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33 solo days in Australia & New Zealand

Hello all,

On somewhat of a whim, I just booked a round trip ticket through Sydney in January/early February. I'm a 33 year old woman who will be traveling alone. I'm not entirely sure what I've gotten myself in to, so I'd love some tips. My (very rough) plan so far:

1 week in Sydney
1 week in Melbourne
4 days in Cairns
1.5 weeks on the south Island of NZ

Thoughts on the length of time in each place? I'm planning to fly between all of them, and would LOVE if I don't have to rent a car. Is that doable? I'd love to have a few days of wine tasting. Any tips to do that without a car? Am I crazy?

Thanks!

Posted by
6243 posts

I can't speak to Australia but I can say that exploring New Zealand, especially the South Island could be pretty difficult without a car. I went as a solo and rented a car because it was the only way I could get to the places I wanted to see. That was 12 years ago so I'm not familiar with what their train/bus system is like now. If you're concerned about driving on the left side, NZ is the perfect place to do it for the first time; it only took me a couple of hours to get comfortable with it (I rented an automatic to make it less painful) and NZ has quite good roads and sparse traffic once outside of a city so it was pretty easy.

Posted by
7 posts

Thanks, Nancy. I was a little afraid I'd need a car in NZ. I've driven a manual my entire driving life, so hopefully that wouldn't be too difficult. You've made me feel better about it though!

Posted by
1856 posts

While I agree with Nancy that a car would be the best way to explore the South Island, you could manage without one if you based yourself in cities that are centrally located and offer reasonably cheap tours of the surrounding countryside. Recommended places would be Queenstown - from where you could tour Milford Sound, Te Anau, etc., Christchurch for the Akaroa peninsula, and Dunedin for the Otago peninsula and the penguins. Am sure there are plenty of tours to keep you busy and thus let someone else do the driving, but I'd still suggest just getting a car. It's a beautiful country...best seen with the freedom that a vehicle provides.
Your proposed destinations in Australia are all easily managed without a vehicle. Buy a weekly pass from Sydney ferries and use the ferries, buses, and trains as a hop-on, hop-off service to explore the beautiful city. The train will even take you out to the Blue Mtns. - a very nice day trip.

Posted by
14227 posts

I would try to add 2-3 days in Auckland. It's well worth seeing and there are good day tours from there to see more of North Island. A week in Sydney sounds good but a week in Melbourne is a lot, unless you are a tennis fan and get tickets to the Australian Open, beginning January 18.

Allow a day each way between the two countries. Those 3-4 hour flights are international, with all the time-consuming check-in and security procedures, plus getting to/from the airport.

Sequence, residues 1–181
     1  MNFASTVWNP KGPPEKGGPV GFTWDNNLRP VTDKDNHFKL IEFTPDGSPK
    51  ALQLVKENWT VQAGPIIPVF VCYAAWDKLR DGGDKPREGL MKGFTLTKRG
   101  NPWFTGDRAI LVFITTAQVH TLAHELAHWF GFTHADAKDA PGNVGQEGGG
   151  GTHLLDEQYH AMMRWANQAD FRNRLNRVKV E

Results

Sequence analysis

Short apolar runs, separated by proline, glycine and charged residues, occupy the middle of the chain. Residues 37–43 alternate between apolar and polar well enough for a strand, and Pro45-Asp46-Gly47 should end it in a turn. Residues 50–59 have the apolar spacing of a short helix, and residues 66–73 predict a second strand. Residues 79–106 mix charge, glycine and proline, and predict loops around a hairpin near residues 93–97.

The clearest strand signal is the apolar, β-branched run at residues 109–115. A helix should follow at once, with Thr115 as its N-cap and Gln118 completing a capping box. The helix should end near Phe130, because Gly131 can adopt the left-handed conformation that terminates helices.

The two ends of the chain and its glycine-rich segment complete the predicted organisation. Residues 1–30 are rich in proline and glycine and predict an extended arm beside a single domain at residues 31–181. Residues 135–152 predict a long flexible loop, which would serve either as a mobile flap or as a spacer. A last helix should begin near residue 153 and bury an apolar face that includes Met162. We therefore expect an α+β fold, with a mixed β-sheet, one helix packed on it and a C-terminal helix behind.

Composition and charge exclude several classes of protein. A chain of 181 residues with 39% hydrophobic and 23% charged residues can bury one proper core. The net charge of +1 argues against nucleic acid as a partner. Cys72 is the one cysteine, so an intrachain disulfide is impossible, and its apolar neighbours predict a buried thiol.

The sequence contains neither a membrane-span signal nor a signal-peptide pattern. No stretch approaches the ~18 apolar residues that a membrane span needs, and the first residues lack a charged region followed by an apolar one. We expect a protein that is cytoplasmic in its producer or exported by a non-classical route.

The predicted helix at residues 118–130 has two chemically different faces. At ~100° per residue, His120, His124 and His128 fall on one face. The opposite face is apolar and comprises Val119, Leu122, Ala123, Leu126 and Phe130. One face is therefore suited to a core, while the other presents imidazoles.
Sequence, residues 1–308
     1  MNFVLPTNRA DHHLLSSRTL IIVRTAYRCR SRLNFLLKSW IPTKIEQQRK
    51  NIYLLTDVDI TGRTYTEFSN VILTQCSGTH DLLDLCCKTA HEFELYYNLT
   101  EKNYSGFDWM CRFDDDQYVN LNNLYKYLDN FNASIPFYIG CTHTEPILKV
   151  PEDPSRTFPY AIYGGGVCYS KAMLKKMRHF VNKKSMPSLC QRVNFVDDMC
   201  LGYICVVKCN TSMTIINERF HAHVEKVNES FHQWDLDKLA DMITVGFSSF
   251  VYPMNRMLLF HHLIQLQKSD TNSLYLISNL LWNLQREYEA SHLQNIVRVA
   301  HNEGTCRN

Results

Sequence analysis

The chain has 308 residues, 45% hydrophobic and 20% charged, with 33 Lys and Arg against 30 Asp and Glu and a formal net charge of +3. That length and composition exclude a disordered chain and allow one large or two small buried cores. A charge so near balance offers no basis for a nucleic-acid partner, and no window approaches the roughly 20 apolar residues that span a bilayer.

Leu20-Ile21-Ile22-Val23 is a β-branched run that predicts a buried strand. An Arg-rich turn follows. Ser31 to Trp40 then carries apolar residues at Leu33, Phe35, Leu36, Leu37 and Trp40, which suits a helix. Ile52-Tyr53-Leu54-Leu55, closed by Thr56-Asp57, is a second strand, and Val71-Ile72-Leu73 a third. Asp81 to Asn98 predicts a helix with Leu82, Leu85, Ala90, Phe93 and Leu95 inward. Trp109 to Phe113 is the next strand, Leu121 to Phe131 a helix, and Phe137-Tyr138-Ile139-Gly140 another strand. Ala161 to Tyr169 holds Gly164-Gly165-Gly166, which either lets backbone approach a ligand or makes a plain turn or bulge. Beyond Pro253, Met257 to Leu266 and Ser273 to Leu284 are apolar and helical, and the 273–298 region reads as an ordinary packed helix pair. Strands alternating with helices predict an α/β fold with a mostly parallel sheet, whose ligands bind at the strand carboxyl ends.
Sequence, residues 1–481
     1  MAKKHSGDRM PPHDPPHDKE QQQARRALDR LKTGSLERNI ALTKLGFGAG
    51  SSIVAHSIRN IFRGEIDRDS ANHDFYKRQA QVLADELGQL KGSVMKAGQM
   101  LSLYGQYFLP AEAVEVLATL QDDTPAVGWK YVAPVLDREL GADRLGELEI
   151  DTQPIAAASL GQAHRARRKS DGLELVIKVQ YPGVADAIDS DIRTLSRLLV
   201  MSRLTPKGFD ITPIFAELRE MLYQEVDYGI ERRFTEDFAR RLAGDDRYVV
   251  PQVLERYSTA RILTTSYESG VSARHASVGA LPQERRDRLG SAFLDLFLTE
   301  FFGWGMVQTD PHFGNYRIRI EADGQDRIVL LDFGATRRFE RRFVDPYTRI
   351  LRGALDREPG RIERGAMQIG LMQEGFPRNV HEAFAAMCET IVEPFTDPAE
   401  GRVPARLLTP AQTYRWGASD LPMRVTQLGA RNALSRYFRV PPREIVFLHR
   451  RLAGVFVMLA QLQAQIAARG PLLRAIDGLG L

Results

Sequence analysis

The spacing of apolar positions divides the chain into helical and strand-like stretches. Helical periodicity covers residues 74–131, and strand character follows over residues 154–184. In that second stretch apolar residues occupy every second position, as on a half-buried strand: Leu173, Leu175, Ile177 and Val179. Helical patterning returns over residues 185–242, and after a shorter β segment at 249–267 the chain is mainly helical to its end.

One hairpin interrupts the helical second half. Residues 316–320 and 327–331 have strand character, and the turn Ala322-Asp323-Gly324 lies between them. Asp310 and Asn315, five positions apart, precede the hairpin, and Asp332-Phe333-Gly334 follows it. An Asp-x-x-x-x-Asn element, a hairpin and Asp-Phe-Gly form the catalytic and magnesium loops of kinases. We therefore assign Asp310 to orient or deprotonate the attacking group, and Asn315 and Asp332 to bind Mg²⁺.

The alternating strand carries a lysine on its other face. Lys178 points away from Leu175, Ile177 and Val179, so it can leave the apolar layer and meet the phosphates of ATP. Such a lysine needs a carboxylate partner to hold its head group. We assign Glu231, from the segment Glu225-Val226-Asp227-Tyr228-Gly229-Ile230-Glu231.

Posted by
1856 posts

Chani makes a good point regarding Melbourne during the Open - accommodations will be very expensive during that period. Unless you're a big tennis fan and are going there specifically for the tournament it might be wise to consider an alternative. Brisbane and the Gold Coast are quite nice, especially the beaches around Surfers Paradise. Adelaide is one of our favorite places in Australia, and a side trip up to Uluru would be memorable. Qantas runs a low-cost subsidiary called Jetstar that offers affordable fares around the country - worth checking out anyway. Believe they have direct flights to Queenstown from Sydney, Brisbane, and the Gold Coast.

Posted by
859 posts

There are hop-on hop-off backpacker bus services in NZ. Kiwi Experience is probably one of the better organized (http://www.kiwiexperience.com/). Not as flexible as a car but more flexible than a guided tour and more direct to places of interest than public transportation.

DJ

Posted by
7 posts

Thank you all so much! You've convinced me to add Aukland and the north island to my trip and extend the NZ portion to two weeks.

I found an itinerary on the New Zealand tourism site that seems like a great trip with no driving!

http://www.newzealand.com/us/trips-and-driving-itineraries/all-nz/auckland-queenstown-no-driving-required/

I looked into those busses, but read some really awful reviews of them being full of young kids just looking to party, and I honestly feel like I'm too old for hostels now. So, we'll see!

Thanks again, everyone!

Posted by
977 posts

You will be well served by public transport in Sydney and Melbourne. From Melbourne you can book a day tour to the Great Ocean Road (a must see) and probably a day tour to a winery. For the ultimate wine tasting experience, come to South Australia. Agree with other posters, to get the most out of your visit to south island of NZ, a car is a must.